Tuesday, December 23, 2003
But after referencing the 9/18/2001 joint congressional resolution, which she quotes as having
authorized the president to use "all necessary and appropriate force" against "those organizations or persons he determines planned, authorized, committed or aided the terrorist attacks on Sept. 11, 2001" in order to "prevent any future acts of international terrorism against the United States. [Her emphasis]
she makes a dubious claim, asserting:
Congress surely intended that Qaeda operatives who are planning direct attacks against American targets should also be restrained, at least when no other legal method is available.
A couple points are in order.
I don't have the congressional resolution in front of me, and am not (as Ms. Wedgwood is) a lawyer. But, to me, it seems a bit of stretch to read the authorization to use "necessary and appropriate force" as a license to deny normal due process protections to American citizens arrested on American soil.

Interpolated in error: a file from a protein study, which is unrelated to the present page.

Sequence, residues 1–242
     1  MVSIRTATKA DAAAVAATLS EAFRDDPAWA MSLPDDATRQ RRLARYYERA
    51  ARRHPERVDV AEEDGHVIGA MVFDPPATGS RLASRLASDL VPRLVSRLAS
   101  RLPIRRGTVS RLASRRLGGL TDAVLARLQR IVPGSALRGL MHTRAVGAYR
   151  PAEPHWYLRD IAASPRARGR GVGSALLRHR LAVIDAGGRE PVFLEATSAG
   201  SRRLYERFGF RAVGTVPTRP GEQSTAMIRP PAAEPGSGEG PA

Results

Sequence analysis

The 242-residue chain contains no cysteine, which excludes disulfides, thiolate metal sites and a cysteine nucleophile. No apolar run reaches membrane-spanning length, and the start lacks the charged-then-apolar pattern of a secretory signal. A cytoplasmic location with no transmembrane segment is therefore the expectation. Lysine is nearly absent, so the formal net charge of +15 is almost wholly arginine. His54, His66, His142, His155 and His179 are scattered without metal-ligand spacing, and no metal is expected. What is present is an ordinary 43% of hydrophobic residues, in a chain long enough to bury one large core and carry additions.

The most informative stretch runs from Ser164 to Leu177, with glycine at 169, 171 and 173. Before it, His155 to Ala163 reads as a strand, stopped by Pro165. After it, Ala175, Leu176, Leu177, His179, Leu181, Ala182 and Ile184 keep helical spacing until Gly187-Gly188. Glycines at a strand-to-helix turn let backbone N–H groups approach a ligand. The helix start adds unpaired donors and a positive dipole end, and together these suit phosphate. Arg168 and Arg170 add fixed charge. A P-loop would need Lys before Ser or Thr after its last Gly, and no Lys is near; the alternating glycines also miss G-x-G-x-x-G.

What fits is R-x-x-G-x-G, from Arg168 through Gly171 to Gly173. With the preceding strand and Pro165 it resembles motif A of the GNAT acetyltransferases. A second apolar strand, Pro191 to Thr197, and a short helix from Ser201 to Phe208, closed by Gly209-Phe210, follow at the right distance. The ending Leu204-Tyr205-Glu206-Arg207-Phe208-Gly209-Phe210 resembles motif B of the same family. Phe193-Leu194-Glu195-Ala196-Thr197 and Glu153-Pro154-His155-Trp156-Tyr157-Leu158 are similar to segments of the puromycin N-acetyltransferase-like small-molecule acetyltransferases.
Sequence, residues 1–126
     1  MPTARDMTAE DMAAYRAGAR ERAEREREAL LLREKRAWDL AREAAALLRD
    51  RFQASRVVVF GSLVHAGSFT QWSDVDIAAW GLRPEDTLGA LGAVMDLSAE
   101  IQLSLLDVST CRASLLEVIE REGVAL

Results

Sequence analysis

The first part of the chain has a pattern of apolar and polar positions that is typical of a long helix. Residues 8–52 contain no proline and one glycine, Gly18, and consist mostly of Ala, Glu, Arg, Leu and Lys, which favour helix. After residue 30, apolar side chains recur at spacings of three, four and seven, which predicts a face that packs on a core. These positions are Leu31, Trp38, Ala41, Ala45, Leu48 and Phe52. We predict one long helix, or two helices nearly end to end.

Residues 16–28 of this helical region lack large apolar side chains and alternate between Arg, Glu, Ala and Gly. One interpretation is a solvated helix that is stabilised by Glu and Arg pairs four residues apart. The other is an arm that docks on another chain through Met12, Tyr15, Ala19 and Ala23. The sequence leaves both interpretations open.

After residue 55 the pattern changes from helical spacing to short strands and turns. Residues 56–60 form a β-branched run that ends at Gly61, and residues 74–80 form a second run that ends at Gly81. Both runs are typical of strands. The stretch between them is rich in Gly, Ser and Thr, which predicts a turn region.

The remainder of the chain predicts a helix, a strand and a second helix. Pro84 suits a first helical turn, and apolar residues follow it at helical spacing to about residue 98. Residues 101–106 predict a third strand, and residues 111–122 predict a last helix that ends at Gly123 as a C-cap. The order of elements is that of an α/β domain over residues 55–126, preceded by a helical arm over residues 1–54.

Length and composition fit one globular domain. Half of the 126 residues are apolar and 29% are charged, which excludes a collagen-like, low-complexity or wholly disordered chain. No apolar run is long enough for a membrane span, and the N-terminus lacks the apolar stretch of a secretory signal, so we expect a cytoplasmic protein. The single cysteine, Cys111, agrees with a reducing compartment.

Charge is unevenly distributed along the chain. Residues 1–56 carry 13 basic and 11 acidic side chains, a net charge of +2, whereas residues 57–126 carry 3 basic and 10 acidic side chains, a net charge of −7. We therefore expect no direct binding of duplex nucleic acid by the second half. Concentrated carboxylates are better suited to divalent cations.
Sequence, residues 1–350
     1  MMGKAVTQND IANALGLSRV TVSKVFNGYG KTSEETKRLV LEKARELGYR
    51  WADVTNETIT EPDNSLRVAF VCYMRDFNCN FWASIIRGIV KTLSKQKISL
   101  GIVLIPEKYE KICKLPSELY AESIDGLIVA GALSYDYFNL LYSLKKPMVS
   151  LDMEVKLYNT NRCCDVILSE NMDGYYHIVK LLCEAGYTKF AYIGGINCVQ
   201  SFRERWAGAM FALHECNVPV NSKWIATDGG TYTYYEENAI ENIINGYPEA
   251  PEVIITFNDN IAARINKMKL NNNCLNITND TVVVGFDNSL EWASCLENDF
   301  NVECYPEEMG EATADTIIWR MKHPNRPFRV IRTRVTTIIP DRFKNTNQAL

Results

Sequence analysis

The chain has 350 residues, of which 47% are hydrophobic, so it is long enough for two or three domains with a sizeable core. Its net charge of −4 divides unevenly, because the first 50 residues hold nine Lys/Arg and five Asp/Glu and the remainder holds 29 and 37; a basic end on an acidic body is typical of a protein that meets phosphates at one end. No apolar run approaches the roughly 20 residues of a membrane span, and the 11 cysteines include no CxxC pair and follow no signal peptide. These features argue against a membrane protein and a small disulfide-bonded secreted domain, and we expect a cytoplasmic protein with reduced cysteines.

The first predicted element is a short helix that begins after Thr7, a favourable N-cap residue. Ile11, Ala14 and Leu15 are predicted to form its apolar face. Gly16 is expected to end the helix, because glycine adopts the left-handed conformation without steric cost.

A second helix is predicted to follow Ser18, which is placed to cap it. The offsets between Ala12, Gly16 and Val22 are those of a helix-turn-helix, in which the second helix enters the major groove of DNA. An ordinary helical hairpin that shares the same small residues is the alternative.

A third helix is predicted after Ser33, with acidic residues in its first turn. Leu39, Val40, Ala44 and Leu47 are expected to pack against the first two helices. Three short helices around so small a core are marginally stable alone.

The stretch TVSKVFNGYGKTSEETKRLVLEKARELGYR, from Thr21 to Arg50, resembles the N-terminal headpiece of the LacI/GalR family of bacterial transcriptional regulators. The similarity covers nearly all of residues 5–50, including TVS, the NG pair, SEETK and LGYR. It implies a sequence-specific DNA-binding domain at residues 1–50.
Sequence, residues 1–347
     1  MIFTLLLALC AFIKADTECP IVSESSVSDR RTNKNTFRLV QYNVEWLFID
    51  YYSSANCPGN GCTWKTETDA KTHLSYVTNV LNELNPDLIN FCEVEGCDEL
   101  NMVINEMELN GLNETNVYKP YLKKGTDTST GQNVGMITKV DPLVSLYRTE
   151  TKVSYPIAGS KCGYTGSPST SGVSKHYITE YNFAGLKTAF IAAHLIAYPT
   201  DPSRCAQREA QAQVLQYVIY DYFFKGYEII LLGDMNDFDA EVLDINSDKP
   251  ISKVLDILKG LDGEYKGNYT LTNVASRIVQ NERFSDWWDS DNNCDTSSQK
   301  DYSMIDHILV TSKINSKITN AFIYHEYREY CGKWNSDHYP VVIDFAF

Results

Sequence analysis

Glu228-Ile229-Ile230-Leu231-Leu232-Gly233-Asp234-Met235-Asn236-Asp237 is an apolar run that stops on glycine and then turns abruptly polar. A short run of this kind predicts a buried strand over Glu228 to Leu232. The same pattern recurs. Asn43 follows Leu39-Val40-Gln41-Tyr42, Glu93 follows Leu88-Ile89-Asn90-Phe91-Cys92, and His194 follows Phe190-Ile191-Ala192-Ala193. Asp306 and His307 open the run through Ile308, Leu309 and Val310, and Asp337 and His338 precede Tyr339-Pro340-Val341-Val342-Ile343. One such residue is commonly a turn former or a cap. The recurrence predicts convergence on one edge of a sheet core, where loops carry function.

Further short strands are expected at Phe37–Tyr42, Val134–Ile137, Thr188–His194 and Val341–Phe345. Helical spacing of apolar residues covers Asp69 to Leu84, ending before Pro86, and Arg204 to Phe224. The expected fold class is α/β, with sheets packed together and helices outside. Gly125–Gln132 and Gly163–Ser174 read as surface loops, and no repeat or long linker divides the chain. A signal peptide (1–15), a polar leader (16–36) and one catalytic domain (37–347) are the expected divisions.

If we lived in a country with no written constitution, and without a body of law that dealt with the detention of citizens without charges, then, maybe, Wedgwood's reading of the resolution would be plausible. Against the background of these institutions, though, her interpretation seems awfully, ahem, expansive.
And second, it's a bit disingenuous to say that "congress surely intended" to permit the kind departure from the norm that the Padilla detention represents. After all, the votes on the resolution were 98-0 and 420-1 in the Senate and House, respectively--and yet the detention of Padilla was bitterly controversial from day one.
So what gives?
Did a civil liberties hawk like Sen. Pat Leahy really think he was voting to support denying American citizens arrested on American soil fundamental legal protections? Did Rep. Barney Frank?